Group forms to stop CO2 pipeline project in Central Illinois
Pekin (25News Now) - A group in Tazewell County is growing quickly, all centered on the goal of stopping the CO2 pipeline that Wolf Carbon Solutions wants to build through Central Illinois.
The group claims the project is not safe and could compromise the farmland it’s built on.
“I think the general sentiment is, nobody wants it,” farmer Mark Berg said. He’s been working on fields across Tazewell County since the 1980′s.
He wasn’t really aware of the project until the landlords for the fields he farmed received a letter informing them they were possibly in the path of the pipeline.
Wolf Carbon Solutions has asked the state for approval to build a 259-mile pipeline from Iowa to Decatur. The plan is for ethanol plants along the way to deposit their carbon dioxide for it to be put deep underground in saline aquifer rock.
“I know as a farmer we need ethanol, and we cannot lose the billion-bushel demand for corn... but the biggest thing is safety,” said Berg. He’s worried there aren’t enough regulations in place to protect the families and workers along the path.
Berg and more than 1,900 other people have joined the Tazewell County: Stop the CO2 Pipeline Facebook group. Their main concerns were the safety and property values of their homes.
Group spokesman Elton Rocke says many people they speak with don’t initially know about the pipeline proposal.
“As soon as we start telling them, they’re immediately against it. They’re just shocked at the magnitude of it and how they’re trying to slide it in on us and the dangers of it,” said Rocke.
In our previous reporting, Wolf Carbon Solutions maintained they have a good safety record with their other pipeline. WCS is looking for state approval. If they get approval, they want to build the pipeline in 2024 and have it running by 2025.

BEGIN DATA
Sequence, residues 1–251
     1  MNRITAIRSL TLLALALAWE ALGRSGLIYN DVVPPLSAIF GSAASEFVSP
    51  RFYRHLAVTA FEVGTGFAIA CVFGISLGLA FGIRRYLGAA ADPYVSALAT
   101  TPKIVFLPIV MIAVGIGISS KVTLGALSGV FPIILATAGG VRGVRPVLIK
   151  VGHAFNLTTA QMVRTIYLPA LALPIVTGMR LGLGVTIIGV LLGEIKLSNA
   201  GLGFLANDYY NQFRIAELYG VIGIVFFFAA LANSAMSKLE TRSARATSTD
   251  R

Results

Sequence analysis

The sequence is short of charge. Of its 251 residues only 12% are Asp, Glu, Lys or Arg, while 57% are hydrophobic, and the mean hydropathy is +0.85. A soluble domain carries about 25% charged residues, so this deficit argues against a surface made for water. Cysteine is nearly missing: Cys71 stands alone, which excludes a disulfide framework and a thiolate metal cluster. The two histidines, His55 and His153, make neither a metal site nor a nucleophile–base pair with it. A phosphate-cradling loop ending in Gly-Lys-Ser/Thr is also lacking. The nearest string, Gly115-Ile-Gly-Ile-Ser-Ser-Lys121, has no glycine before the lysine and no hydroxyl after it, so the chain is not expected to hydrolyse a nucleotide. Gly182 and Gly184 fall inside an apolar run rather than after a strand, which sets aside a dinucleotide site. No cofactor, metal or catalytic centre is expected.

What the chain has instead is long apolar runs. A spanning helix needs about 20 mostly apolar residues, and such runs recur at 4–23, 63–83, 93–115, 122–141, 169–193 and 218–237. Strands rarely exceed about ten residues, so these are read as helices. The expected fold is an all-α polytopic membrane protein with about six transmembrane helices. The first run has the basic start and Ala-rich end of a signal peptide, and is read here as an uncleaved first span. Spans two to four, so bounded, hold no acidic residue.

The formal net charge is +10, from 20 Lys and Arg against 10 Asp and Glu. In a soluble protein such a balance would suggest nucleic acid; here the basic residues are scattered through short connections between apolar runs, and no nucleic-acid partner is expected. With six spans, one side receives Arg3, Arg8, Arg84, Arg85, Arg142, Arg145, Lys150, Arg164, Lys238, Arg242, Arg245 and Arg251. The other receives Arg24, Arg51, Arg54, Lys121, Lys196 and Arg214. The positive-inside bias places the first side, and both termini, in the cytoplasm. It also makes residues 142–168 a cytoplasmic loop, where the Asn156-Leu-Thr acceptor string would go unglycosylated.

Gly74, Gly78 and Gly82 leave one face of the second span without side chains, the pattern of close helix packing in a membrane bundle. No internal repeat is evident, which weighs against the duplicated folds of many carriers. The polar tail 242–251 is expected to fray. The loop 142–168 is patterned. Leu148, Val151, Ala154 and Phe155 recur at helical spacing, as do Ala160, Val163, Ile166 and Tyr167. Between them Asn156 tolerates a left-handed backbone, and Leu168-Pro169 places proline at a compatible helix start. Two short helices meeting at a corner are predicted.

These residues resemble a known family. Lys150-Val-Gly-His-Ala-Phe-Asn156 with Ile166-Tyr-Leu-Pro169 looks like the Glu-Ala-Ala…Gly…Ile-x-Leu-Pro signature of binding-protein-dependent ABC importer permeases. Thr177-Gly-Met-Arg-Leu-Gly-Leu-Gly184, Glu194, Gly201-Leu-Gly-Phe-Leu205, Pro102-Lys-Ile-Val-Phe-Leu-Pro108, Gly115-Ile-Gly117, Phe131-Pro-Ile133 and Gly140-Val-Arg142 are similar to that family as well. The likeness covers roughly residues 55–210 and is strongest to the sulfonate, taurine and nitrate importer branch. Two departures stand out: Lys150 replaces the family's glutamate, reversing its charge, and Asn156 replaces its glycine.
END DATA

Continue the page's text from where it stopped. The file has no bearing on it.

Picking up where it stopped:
A comprehensive story on everything we know so far about the pipeline can be found below.
Wolf Carbon Solutions sent notices to anyone within a mile of the pipeline’s path, but now they are sending teams to survey the land where it will be built.
Rocke is recommending anyone who opposes the pipeline deny the surveyors the ability to look at the land.
Berg remembers when two natural gas lines were built on some of his farmland, he worried the construction would hurt the soil even with the company’s help.
It impacts the productivity for years, five or more... the ground is just not the same,” said Berg.
The company has previously stated they want to work with landowners... but Rocke is concerned their consent won’t matter when it’s time to build.
“They came in and said we want to be your neighbors, we want to be your best friends and we’re going to give you all these benefits, but they have the veiled threat of eminent domain. Imminent domain was created for the good of the people not for the good of enterprise and not for the good of the company’s bottom lines,” said Rocke.
The opposition group wants to halt progress on the pipeline until more regulations are released from the federal government.
Those new rules aren’t expected to come out until October 2024. Illinois must decide on WCS’s proposal in May 2024.
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